Doctor Jose Segura MD. pointed out to the authors that regardless of which geographical position the Triplane had been in, the pilots reaction to the wound would not have differed. At landing speed the muscular contraction would have caused a spectacular nose-up stall followed – in most cases — by a horrendous crash and fire.
Private Ridgway, from his 20-foot high perch on the chimney side, saw the end of the show as well. At about tree-top height, von Richthofen ceased side-slipping and placed the Triplane in landing attitude. One of two things happened next. Either due to weakness he lost the strength to hold the ‘joy stick’ back (on an aeroplane without a trim wheel the force required can be considerable) or, with or without fast fading faculties he misjudged his height. The landing wheels hit hard. The impetus pushed the tail down
Above: The Sainte Colette brickworks, facing north. The Triplane came down in this field.
Right: Gunner Ernest Twycross – the first soldier to reach the crashed Triplane. He saw von Richthofen die.
and the Triplane, which still had just enough speed to fly, took off again in a nose-high attitude. It climbed to about 12 feet above the ground losing speed as it went. Von Richthofen took no corrective action and a classic novice pilot landing stall, followed by a dropped wing took place. At the time of the stall, the driving force of the air pressure on the propeller became less than the resistive force of the engine compression; the engine and propeller ceased to rotate. The Triplane was not high enough off the ground for the nose to drop very far. The undercarriage and the lower left wing took the worst shock. The wheels splayed outwards as the rubber shock-absorbers parted inside the fairing, which looked like a small fourth wing between the wheels, and the legs were pushed backwards. One leg is said to have separated from the fuselage. The soldered seams of the petrol tank and the oil tank parted and the liquids began to escape. If the petrol tank had still been pressurised at this time, the fuel would have sprayed out and most likely caught fire, hence opening the tank vent valve at the right time was an important part of emergency landing drill. With unbalanced resistance to forward motion as it slid along the ground, the Triplane made a ground loop to the left of about one and half turns.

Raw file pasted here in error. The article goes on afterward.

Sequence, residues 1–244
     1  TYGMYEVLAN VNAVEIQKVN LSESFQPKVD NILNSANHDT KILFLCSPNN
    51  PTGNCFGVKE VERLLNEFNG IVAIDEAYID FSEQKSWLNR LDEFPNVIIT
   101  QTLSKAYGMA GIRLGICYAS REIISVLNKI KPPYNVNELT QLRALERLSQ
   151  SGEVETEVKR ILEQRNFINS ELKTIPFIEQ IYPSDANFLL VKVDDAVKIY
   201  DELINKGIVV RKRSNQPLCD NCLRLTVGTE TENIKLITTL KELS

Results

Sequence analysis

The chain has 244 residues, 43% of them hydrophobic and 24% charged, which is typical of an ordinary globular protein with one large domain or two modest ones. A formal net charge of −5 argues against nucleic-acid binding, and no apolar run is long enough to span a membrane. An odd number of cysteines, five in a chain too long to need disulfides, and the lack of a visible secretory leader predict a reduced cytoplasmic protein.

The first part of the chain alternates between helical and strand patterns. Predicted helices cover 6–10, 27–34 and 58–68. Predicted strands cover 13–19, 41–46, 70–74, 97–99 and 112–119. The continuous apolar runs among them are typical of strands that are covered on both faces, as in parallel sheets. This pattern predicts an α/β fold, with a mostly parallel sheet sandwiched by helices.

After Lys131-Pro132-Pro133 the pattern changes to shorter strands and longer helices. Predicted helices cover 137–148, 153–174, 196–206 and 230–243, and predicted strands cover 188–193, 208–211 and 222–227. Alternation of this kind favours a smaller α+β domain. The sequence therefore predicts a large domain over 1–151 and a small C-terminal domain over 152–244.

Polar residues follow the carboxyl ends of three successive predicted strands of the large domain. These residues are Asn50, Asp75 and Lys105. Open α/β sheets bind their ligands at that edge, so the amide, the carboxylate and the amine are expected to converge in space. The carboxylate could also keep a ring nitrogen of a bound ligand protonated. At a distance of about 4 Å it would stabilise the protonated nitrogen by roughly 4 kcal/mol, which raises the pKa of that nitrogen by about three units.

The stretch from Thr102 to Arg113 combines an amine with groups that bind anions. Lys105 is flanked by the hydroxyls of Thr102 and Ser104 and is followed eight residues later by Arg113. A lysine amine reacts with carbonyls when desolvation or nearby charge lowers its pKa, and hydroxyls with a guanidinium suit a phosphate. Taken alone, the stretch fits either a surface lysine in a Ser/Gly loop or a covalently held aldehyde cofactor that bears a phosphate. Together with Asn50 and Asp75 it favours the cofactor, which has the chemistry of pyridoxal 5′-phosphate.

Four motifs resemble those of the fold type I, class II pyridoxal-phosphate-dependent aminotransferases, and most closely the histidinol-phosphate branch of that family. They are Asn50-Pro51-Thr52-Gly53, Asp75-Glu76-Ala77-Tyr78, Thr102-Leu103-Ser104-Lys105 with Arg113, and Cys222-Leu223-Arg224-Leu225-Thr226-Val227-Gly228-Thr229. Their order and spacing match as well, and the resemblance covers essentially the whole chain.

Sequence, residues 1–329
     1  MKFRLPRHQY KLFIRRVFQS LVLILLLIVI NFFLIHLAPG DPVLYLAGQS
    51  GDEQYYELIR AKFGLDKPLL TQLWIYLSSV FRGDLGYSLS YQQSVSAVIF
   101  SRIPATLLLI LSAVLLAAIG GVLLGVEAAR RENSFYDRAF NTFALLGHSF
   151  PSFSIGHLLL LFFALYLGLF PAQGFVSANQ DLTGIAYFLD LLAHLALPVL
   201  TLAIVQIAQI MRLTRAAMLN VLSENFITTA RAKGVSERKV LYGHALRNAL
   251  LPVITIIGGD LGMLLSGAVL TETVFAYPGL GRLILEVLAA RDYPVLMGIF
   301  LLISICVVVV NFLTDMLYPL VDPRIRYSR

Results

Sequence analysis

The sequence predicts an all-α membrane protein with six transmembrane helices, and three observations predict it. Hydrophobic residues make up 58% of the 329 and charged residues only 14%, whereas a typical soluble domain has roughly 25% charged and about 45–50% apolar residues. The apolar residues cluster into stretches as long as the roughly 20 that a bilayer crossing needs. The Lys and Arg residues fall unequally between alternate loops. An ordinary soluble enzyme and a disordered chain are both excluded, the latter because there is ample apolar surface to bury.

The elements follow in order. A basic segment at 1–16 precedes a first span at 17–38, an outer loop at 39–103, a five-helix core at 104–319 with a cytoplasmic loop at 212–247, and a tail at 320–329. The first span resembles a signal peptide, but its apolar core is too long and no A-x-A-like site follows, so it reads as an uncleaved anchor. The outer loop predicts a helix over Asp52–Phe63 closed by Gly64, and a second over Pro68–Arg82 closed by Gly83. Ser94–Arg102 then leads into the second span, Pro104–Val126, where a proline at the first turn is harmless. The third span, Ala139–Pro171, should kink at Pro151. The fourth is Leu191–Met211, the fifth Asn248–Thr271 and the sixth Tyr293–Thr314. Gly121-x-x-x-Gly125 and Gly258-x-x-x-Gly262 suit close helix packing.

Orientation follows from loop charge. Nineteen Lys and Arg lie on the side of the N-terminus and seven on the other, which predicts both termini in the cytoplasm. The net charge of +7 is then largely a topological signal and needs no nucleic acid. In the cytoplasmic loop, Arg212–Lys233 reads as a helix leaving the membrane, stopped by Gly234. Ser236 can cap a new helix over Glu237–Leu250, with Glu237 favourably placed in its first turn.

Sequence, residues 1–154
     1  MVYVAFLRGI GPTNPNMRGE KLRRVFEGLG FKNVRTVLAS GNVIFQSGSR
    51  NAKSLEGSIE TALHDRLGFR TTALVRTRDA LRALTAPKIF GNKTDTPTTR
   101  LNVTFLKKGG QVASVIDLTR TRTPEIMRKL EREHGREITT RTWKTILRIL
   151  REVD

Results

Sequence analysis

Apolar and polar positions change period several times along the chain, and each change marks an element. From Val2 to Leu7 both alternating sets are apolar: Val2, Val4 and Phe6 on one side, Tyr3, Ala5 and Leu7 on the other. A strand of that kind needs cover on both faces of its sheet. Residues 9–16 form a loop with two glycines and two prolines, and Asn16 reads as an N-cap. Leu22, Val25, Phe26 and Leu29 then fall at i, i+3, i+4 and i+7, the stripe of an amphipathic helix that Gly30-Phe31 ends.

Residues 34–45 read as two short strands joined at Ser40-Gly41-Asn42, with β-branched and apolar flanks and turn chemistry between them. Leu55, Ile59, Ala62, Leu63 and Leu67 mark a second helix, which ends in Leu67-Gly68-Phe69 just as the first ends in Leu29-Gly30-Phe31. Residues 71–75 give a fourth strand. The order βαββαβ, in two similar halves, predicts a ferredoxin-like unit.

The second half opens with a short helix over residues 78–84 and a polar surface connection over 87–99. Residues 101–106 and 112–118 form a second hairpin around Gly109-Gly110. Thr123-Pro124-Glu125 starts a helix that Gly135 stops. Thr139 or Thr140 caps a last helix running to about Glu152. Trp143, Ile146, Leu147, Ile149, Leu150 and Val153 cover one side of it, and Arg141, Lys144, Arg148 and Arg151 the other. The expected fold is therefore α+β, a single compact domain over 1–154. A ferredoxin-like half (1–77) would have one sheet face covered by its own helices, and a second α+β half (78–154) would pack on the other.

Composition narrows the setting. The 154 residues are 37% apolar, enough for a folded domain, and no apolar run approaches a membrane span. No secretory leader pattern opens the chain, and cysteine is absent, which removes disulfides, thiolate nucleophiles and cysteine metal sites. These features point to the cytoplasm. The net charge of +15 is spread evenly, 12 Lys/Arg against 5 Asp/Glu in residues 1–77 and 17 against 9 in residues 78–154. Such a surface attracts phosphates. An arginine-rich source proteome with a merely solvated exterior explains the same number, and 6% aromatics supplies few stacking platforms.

The Fokker finally became stationary with its
nose pointing towards the town of Bonnay (west), and resting, with its tail canted upwards, two or three feet away from the‘sugar beet pie. We know this because Private Emery later recalled being able to walk between the ‘pie’ and the front of the machine, so the Triplane had not actually ended up with its nose into it.
During the short glide the engine had cooled somewhat which was fortunate as petrol was still leaking from the tank. One blade of the propeller was broken off. The machine was quite easily repairable; airframe mechanics at flying training schools dealt with worse mishaps every week.
The names of those who claim to have been amongst the first to reach the downed Triplane form an impressive list! A point of interest is that of the myriad of claimants, none could recall who was actually the first. A half-clue came from one who said that it was some chap he did not recognise and that he must have been from some other unit stationed in the area.